Critical International Infrastructure: A Case for Secure, Sustainable Non-terrestrial Networking


Critical International Infrastructure: A Case for Secure, Sustainable Non-terrestrial Networking

By Dr Sandra Scott-Hayward, Polymath Initiative Fellow

Key points

  • It is anticipated that by 2030, low-latency (low Earth orbit satellite-based) Internet will be carrying many terabits per second, eclipsing traditional geostationary communications. Rather than replacing the well-connected, fibre-to-the-home infrastructure available in urban environments, satellite communication will target mobile, rural, and rapid start-up communication.
  • To facilitate the global Internet, the growth of “disposable” space infrastructure and the vast volume of space debris is somewhat at odds with the terrestrial UN Sustainable Development Goals.
  • In recent years, Space has been recognised as a “critical national infrastructure” sector, with the designation of satellite constellations as critical space infrastructure.
  • Compared with the maturity of government and military space standards, the process of ensuring the security of commercial satellite operations is in its infancy.
  • Machine learning and artificial intelligence (AI) techniques are fundamental to the successful deployment of satellite mega-constellations, commercial satellite operations and space-air-ground integrated networks. The security of their implementation is paramount.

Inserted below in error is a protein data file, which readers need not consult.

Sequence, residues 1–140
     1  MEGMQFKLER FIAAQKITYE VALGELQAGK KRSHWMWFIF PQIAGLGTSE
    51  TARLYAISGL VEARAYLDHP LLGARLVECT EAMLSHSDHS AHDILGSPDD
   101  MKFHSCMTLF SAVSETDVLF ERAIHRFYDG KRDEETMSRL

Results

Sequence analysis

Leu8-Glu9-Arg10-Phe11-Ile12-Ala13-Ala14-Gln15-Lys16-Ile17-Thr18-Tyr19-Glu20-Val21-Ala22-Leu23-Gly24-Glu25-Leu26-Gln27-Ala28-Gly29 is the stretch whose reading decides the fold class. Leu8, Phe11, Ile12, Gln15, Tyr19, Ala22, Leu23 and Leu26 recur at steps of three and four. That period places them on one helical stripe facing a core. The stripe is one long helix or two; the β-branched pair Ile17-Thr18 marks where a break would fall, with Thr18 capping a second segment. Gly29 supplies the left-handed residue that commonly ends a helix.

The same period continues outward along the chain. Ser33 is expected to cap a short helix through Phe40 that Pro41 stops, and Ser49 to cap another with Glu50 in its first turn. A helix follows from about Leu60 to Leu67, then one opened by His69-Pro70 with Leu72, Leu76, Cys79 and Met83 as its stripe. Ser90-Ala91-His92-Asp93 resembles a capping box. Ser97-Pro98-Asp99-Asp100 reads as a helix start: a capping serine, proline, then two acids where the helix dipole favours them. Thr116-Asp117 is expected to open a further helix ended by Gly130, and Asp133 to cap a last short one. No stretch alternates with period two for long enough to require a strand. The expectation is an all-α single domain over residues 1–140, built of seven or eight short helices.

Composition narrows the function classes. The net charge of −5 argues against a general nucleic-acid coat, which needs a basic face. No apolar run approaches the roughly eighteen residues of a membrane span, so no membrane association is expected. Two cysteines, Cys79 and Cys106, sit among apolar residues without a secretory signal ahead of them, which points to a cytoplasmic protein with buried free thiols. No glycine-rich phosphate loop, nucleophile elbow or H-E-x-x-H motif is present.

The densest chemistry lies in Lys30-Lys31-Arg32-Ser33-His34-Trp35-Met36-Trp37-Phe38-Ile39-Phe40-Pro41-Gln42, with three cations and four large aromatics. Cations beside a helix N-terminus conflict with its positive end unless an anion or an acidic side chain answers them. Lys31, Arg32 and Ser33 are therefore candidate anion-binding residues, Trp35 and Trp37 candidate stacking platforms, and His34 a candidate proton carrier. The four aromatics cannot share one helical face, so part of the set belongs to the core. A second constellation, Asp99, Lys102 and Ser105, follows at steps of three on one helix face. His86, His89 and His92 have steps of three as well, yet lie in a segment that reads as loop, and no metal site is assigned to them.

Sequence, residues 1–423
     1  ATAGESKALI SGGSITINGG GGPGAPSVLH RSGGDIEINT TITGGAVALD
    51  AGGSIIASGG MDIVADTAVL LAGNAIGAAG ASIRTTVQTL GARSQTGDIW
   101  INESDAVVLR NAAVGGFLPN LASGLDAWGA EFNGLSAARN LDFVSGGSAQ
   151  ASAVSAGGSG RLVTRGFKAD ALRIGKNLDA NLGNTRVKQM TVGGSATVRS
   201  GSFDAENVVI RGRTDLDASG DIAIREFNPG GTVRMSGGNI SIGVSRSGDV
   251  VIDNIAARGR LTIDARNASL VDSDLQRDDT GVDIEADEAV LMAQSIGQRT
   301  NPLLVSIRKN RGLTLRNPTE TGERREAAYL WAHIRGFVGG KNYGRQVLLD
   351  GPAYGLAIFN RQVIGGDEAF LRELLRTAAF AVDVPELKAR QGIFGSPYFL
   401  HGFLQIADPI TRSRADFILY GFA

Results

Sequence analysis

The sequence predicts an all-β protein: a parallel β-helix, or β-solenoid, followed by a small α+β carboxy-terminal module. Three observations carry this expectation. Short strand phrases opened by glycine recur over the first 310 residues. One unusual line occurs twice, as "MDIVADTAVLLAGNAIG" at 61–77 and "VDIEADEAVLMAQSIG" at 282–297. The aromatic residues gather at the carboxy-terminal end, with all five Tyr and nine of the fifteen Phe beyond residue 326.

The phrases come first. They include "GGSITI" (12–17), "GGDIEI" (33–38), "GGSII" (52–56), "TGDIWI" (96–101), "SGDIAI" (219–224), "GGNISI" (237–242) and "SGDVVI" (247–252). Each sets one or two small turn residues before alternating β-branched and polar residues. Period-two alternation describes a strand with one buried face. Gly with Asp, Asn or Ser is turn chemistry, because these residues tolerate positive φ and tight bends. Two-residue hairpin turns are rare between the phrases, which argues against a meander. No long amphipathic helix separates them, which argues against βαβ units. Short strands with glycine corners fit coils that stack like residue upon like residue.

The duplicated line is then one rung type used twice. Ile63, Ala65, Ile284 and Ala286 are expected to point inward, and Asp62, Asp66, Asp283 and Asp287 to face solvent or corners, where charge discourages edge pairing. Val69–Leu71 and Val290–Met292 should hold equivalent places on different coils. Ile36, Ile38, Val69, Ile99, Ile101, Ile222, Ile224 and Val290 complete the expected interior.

• The UN High-Level Advisory Body on Artificial Intelligence should include this critical international infrastructure in its recommendations for the international governance of AI.

Dr Sandra Scott-Hayward is a GCSP Polymath Fellow and a Senior Lecturer (Associate Professor) with the School of Electronics, Electrical Engineering and Computer Science, and a Member of the Centre for Secure Information Technologies at Queen’s University Belfast (QUB). She is also the Director of the QUB Academic Centre of Excellence in Cyber Security Education.

About this publication
This publication is part of a special series of Strategic Security Analysis under the Polymath Initiative supported by the Didier and Martine Primat Foundation. For more information, please visit the Polymath Initiative website: